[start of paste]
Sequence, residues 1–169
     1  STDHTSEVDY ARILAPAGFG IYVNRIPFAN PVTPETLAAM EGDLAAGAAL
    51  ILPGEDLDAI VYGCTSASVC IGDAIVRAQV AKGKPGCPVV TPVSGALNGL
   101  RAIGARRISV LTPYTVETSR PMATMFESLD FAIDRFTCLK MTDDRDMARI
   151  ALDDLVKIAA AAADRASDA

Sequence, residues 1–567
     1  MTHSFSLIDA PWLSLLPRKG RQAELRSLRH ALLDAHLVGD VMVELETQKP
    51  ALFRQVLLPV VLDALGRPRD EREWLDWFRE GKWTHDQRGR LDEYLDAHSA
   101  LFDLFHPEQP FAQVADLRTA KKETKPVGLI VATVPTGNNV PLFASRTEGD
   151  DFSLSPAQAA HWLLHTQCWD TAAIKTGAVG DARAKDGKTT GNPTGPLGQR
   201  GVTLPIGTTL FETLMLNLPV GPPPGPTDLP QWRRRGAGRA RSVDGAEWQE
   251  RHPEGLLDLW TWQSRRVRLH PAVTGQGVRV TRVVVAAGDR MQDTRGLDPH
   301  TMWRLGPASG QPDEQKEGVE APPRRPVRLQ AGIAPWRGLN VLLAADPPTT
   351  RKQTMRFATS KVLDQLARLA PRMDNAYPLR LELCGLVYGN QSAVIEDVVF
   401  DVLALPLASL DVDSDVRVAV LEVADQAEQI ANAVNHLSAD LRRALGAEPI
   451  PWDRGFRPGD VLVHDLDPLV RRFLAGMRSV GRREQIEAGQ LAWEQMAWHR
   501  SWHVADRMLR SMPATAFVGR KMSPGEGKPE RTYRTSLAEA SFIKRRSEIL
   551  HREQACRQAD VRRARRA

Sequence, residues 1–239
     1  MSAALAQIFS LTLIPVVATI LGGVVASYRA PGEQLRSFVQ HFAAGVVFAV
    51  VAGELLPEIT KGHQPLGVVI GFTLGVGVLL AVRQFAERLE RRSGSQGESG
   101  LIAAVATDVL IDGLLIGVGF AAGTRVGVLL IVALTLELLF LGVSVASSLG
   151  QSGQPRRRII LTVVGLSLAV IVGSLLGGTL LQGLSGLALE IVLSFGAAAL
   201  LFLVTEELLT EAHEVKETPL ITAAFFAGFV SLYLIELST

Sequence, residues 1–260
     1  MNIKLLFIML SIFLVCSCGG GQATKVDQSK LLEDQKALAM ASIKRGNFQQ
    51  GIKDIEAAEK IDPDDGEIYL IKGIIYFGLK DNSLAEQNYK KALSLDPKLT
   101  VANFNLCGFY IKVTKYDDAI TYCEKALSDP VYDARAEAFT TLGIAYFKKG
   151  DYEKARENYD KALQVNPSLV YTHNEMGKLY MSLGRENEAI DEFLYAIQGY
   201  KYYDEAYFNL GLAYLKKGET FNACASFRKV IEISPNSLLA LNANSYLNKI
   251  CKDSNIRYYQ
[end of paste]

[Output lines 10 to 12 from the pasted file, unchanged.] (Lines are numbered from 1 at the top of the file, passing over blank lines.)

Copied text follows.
   151  DFSLSPAQAA HWLLHTQCWD TAAIKTGAVG DARAKDGKTT GNPTGPLGQR
   201  GVTLPIGTTL FETLMLNLPV GPPPGPTDLP QWRRRGAGRA RSVDGAEWQE
   251  RHPEGLLDLW TWQSRRVRLH PAVTGQGVRV TRVVVAAGDR MQDTRGLDPH